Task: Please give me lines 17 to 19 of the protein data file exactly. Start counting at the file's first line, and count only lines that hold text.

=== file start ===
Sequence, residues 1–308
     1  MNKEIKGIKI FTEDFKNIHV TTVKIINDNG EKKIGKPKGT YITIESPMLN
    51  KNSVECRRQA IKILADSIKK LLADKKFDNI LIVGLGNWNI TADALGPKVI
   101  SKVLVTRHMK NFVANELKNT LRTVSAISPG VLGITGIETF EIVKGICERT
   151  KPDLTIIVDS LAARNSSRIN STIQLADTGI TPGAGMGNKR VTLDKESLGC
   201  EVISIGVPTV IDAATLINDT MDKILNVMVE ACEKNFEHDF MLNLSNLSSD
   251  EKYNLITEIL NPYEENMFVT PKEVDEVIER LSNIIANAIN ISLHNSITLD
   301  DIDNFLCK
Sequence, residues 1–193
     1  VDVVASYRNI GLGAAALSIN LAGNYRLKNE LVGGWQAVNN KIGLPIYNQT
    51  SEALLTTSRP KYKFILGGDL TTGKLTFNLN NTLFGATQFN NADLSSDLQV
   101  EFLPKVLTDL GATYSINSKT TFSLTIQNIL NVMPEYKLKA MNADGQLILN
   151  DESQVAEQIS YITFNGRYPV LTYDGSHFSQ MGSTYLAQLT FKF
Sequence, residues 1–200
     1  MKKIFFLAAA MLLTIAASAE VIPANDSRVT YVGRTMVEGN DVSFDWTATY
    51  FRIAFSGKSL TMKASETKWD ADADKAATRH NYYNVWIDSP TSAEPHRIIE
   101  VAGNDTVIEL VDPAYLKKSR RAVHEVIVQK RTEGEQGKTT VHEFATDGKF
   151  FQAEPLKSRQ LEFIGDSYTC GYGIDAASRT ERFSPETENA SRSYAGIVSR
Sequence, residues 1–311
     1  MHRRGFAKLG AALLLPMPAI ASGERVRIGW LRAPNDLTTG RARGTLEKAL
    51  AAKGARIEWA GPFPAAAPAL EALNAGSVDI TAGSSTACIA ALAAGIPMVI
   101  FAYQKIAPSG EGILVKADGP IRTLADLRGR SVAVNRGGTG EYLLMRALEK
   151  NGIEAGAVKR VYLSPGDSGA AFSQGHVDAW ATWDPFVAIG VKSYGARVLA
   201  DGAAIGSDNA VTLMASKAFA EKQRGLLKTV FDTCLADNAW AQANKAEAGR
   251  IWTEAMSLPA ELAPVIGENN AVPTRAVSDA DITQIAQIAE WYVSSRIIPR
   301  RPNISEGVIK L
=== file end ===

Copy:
   101  VAGNDTVIEL VDPAYLKKSR RAVHEVIVQK RTEGEQGKTT VHEFATDGKF
   151  FQAEPLKSRQ LEFIGDSYTC GYGIDAASRT ERFSPETENA SRSYAGIVSR
Sequence, residues 1–311